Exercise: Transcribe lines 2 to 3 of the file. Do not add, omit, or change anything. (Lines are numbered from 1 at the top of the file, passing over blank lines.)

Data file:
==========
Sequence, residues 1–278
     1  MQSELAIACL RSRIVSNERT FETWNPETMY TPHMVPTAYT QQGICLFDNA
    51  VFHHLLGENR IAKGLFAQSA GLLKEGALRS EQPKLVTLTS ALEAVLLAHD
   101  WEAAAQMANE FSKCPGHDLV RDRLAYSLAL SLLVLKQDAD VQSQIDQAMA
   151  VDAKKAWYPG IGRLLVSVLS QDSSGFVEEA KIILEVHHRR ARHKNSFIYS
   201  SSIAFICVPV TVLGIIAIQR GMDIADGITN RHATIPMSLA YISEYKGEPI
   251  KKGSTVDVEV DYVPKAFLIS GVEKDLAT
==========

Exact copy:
     1  MQSELAIACL RSRIVSNERT FETWNPETMY TPHMVPTAYT QQGICLFDNA
    51  VFHHLLGENR IAKGLFAQSA GLLKEGALRS EQPKLVTLTS ALEAVLLAHD